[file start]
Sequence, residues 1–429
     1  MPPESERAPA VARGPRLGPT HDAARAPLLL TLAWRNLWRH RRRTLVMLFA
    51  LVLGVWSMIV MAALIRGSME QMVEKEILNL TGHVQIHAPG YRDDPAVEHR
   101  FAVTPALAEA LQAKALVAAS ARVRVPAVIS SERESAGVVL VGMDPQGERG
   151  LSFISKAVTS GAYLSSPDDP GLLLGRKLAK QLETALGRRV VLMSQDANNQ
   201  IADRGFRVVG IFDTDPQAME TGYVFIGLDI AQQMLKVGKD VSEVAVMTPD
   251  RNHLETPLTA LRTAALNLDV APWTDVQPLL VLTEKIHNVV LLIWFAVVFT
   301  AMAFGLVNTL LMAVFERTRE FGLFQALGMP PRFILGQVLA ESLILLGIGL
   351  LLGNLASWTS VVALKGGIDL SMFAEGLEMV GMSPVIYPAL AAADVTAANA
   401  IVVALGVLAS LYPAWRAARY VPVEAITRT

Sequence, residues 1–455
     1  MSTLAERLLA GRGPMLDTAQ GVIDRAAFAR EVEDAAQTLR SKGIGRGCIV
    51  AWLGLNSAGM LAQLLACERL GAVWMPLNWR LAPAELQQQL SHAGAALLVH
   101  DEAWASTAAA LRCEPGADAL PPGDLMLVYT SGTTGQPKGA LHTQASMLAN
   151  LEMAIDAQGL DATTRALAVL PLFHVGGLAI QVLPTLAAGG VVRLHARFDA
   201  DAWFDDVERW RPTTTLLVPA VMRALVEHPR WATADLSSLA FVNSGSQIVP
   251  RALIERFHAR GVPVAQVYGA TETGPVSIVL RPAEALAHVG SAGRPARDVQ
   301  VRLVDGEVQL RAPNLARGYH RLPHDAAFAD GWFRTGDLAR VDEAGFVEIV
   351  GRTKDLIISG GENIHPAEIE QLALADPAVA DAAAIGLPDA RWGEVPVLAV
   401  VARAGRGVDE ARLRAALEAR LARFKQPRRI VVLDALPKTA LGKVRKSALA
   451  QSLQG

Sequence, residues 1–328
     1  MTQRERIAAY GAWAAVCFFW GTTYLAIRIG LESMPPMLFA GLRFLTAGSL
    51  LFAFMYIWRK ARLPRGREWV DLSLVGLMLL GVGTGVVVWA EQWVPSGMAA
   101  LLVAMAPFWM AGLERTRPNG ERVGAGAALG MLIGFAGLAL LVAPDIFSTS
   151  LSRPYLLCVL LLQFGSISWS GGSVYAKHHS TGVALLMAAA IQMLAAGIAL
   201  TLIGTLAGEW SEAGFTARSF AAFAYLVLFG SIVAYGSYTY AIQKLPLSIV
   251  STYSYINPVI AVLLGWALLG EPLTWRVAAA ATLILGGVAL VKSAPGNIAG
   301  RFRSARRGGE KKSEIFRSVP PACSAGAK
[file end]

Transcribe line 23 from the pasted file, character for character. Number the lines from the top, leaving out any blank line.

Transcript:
     1  MTQRERIAAY GAWAAVCFFW GTTYLAIRIG LESMPPMLFA GLRFLTAGSL